As we neared the Southern end of the Romantic Road near Füssen we were treated to tantalising glimpses of the beautiful Bavarian Alps, pulling into a peaceful parking spot with lovely mountain backdrop for the night before carrying on.
Next morning was grey and drizzly so we decided we may as well embrace it and go for a wet drizzly walk, not realising what a treat we had in store. We’d driven up to within sight of Neuschwanstein Castle and after going to look at a cable car ride that we decided against, curiosity as to where a hiking trail went led us on a wonderful waterfall trail through the gushing waters of the Pöllat Gorge.
It was only re-opened earlier in 2019 after work to heighten the walkway after flooding and rockfalls so we were very lucky to be able to follow the suspended metal path through the gorge alongside the thundering cascades. The hiking trail is prone to various natural hazards including rockfall. 300square meters of rock were blasted away for safety with a protection net put in place to contain any future rockfall. The trail (one of many) eventually led through woodland getting steeper and steeper and at the top we could gaze up at Marienbrücke (Queen Mary’s Bridge), sky high and spanning the gorge above. It is from here you get the best view of the castle and in another 15 minutes or so we were there. Suddenly there was the castle in all its glory and what a sight it was. It was late in the day though and the sky was white and our full visit was to be the next day so after taking a few photos just in case the weather was worse the next day, we retraced our steps and made our way back to Buzz. We’d found out you could park nearby next to a little church so that was where we spent the night, waking to a crisp but misty morning with promising blue sky.
Getting up extra early, we drove to our on road parking space we’d checked out the night before, nearer the castle, having breakfast afterwards knowing we were all ready to set off to get to the ticket office before the crowds. You can book ahead but we hadn’t and after walking the 15 minutes to the ticket office we got tickets for an English speaking guided tour at 10.10am. From the ticket office it’s a 1 mile walk uphill, and quite a steep hill at that, to the castle entrance. You can always get a horse and carriage ride as an alternative, but we decided to get some exercise and take the long slog up! As you round the corner there’s a viewing deck where you can walk around to get a view from below, up to the castle entrance gate. There’s a fair bit of scaffolding in place at the moment but even so, the castle still looked majestic and quite magical up on its high perch.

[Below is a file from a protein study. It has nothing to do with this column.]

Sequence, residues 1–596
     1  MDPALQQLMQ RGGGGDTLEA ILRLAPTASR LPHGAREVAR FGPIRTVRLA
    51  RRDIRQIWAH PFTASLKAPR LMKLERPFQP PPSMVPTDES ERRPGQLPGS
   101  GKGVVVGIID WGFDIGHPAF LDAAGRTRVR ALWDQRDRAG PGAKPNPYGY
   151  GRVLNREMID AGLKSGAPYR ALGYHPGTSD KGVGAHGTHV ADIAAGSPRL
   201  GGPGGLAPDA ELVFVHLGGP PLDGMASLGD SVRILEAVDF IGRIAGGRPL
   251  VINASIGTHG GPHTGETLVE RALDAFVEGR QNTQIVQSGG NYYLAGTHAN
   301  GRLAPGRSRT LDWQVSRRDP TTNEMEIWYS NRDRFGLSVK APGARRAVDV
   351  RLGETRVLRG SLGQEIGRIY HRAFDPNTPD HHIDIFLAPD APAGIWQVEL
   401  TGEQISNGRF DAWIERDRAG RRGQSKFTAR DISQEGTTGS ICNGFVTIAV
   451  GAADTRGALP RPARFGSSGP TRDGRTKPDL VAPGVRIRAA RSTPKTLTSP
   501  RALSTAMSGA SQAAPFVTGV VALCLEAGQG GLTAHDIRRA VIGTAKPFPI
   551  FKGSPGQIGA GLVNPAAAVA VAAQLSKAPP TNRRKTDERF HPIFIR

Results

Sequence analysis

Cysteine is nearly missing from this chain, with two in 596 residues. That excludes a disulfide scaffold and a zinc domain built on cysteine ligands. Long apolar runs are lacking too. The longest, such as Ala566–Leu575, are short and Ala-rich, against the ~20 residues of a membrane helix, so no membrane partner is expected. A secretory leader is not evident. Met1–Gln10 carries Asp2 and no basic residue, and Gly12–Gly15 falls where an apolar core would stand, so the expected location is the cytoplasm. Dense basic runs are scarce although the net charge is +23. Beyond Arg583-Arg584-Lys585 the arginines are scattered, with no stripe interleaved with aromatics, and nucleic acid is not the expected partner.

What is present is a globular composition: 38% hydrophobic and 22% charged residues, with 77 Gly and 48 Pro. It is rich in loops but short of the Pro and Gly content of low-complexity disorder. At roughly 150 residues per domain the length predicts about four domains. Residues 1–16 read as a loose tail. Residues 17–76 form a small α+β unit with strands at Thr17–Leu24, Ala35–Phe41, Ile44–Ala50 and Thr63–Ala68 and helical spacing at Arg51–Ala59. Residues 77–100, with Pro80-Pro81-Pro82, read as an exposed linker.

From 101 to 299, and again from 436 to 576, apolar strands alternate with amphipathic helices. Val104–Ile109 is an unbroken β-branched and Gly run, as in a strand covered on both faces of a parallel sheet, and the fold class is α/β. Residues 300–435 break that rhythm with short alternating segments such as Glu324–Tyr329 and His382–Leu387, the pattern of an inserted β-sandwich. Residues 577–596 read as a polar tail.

The tour inside the castle was incredible. Photos are not allowed inside which was disappointing but at the same time probably just as well because they wouldn’t have done it justice. The moment we walked in we were instantly impressed as we were led through lavishly decorated hallways with decorative stone carvings of dragons, butterflies and fictional beasts. The walls were painted with rich reds, blues and yellows, the ceilings low and arched. The whole interior was lavish but cosy with dark heavy wood doors and intricately carved furniture, exquisite silk brocade embroidered furnishings and curtains, 13ft tall brass chandeliers and glowing glass lanterns. Swans feature heavily in the decoration as Neuschwanstein actually means ‘new swan stone’ and comes from one of Wagner’s opera characters, the Swan Knight of which King Ludwig II was a particular fan. The magnificent throne room dazzled with gold paint and huge murals topped with a stunning golden sun on the domed ceiling. The richly painted and decorated Singers Hall, has no less than 600 candles suspended from brass chandeliers and you can just imagine how spectacular that would have looked when they were all lit up.
After the tour we came out and walked again to the Marienbrücke. This time the sky was blue, the sun shining and the castle perched on the top of the rock looked just like it came straight out of the pages of a fairy tale. This whimsical and wonderful creation was commissioned from the spirited imagination of King Ludwig II in 1868 so he could live out his fantasy of living like a medieval king, surrounded by fantastical Romanticism and Byzantine opulence. It’a built in white limestone with elegant tall towers and pointed turrets and it’s easy to recognise that this was the castle that inspired Walt Disney to create Sleeping Beauty’s Castle in Disneyland.
Marienbrücke was named after Queen Mary of Prussia, King Ludwig II’s mother. There is a lit up sign alerting you to the number of people on the bridge at any one time. It seems that it can fit 400 at once!! Luckily for us we only had to share it with about 90 people. 400 would be a really tight squeeze that we’re thankful we didn’t have to experience.
As an added bonus there’s also a beautiful view of another castle below, Hohenschwangau, the place where the little King Ludwig II grew up as a boy. You can buy a combined ticket if you want to go and see this one as well.
We could go on and on about how special it was but we have a better idea – go there, it’s amazing!
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